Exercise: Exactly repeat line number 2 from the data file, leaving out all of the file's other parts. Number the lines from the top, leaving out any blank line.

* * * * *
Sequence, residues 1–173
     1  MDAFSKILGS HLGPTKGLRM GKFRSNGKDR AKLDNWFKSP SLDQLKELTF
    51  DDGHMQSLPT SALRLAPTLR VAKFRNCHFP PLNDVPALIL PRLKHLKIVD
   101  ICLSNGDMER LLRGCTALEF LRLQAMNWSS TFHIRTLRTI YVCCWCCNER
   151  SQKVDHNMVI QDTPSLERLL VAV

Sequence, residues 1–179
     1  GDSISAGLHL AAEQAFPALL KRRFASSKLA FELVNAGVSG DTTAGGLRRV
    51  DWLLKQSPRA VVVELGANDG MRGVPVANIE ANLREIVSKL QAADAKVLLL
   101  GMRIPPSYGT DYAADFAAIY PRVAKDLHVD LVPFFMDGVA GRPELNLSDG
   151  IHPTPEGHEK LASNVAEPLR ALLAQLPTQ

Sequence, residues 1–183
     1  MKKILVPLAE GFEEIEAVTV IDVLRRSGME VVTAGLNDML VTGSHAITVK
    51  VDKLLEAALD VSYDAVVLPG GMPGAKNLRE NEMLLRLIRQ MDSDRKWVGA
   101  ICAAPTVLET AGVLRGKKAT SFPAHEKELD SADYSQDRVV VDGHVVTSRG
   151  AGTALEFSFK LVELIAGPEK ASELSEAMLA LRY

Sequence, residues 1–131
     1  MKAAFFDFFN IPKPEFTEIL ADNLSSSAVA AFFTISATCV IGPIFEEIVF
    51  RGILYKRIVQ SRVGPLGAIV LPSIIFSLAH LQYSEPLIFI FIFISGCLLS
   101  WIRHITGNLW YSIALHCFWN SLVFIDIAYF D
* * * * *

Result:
     1  MDAFSKILGS HLGPTKGLRM GKFRSNGKDR AKLDNWFKSP SLDQLKELTF